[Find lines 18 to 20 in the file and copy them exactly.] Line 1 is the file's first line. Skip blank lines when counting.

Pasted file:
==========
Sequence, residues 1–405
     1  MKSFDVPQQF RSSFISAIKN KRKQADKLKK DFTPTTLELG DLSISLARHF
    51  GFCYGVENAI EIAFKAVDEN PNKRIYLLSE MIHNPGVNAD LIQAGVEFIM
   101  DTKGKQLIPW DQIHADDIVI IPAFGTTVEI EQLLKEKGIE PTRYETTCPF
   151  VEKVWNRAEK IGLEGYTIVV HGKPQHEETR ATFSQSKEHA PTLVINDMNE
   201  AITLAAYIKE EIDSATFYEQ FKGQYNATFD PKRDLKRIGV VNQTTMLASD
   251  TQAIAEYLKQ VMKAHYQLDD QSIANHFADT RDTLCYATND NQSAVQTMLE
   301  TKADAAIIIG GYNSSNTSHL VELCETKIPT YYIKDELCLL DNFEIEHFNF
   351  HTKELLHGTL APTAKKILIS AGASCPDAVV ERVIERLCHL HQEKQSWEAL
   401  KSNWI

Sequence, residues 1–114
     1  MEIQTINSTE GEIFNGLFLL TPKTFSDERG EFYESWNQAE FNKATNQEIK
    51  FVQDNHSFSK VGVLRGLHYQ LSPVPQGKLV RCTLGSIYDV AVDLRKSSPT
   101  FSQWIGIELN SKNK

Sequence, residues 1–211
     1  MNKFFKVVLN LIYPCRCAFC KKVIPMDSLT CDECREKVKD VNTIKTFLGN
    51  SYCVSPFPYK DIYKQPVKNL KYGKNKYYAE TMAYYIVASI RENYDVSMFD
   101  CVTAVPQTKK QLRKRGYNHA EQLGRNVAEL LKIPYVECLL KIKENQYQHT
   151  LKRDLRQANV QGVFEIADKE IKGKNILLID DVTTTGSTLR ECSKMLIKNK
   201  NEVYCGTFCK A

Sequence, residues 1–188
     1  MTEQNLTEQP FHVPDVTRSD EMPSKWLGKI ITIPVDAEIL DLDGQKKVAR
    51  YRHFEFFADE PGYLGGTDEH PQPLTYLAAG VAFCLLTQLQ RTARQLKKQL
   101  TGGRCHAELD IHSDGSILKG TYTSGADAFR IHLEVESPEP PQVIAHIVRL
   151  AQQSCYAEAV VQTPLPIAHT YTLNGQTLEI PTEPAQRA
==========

   101  CVTAVPQTKK QLRKRGYNHA EQLGRNVAEL LKIPYVECLL KIKENQYQHT
   151  LKRDLRQANV QGVFEIADKE IKGKNILLID DVTTTGSTLR ECSKMLIKNK
   201  NEVYCGTFCK A